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article imageEstonian president to task Kallas with forming new government

By AFP     Apr 3, 2019 in World

Estonia's president will on Friday task liberal Reform party leader Kaja Kallas with forming a new government, a month after an inconclusive general election made tricky coalition building inevitable.

Kallas's party won the March 3 vote -- in which five parties entered parliament -- but she failed to forge a majority coalition with the outgoing premier's runner-up mainstream Centre party.

This left both Kallas, a 41-year-old lawyer and former MEP, and outgoing centre-left prime minister Juri Ratas free to seek other partners to govern with.

"On Friday... President Kersti Kaljulaid will meet the Reform Party chairwoman Kaja Kallas and task her with forming the government," the president's spokeswoman Mailin Aasmae told reporters Wednesday.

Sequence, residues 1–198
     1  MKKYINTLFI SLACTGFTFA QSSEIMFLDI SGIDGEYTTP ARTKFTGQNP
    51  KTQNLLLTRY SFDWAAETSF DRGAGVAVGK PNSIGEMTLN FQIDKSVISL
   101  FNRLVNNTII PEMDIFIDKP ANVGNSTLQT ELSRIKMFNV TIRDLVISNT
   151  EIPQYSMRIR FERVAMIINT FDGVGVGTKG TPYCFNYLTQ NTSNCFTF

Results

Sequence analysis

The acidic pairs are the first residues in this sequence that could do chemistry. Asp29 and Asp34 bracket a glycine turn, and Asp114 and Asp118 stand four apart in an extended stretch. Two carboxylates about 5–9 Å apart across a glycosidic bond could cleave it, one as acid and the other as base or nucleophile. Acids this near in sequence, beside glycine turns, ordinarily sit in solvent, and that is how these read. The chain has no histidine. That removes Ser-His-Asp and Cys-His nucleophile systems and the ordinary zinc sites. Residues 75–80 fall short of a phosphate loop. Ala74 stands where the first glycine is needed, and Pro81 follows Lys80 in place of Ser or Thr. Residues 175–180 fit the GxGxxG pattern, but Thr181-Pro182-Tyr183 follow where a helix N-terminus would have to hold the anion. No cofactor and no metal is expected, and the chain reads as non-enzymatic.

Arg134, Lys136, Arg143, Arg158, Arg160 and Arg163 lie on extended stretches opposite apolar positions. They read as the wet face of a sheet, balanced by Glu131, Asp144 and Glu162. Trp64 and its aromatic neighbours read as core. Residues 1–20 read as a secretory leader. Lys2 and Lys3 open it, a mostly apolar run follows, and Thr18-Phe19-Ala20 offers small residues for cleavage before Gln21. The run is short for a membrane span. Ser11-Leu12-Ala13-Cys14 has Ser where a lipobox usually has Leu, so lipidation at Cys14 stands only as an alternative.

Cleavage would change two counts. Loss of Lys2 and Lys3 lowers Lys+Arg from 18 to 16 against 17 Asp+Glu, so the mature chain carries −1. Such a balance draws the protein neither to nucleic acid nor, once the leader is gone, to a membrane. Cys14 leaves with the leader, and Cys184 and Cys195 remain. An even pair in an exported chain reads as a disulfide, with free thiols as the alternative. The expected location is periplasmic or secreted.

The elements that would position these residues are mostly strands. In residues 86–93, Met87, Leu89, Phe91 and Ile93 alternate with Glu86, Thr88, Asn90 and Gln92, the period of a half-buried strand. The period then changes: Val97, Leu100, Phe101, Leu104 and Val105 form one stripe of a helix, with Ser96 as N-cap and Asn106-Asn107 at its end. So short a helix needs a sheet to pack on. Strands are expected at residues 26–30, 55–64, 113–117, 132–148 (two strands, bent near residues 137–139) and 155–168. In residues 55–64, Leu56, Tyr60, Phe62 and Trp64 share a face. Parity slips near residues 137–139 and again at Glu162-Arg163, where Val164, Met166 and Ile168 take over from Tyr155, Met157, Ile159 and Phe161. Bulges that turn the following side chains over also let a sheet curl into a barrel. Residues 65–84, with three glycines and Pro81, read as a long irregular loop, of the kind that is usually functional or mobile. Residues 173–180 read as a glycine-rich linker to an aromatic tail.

If Kallas accepts, she will have two weeks to present the parliament with her proposed government.

If the bid fails, the centrist president will have to choose a new candidate for prime minister.

Kallas said last month that she would opt for talks with the Social Democrats party, which placed fifth in the election.

Ratas for his part has been holding talks with the far-right anti-EU EKRE and the conservative Isamaa party, which placed third and fourth respectively.

Analyst Rein Toomla believes "it is unlikely that Kaja Kallas could form a majority government... The hope to form a minority government is also slim."

"A Centre-Isamaa-EKRE coalition now seems more certain," the Tartu University lecturer told AFP.

He added, however, that Estonian ruling coalitions generally do not last longer than some two years.

That being the case, "Kallas can expect a new coalition led by her to be formed -- albeit slightly further down the road."

Bread-and-butter issues such as taxation and public spending dominated the election in the ex-Soviet state of 1.3 million people known for its IT savvy.

Joblessness hovers at just under five percent in the EU and NATO member country, while economic growth is expected to slow to 2.7 percent this year from 3.9 percent in 2018.

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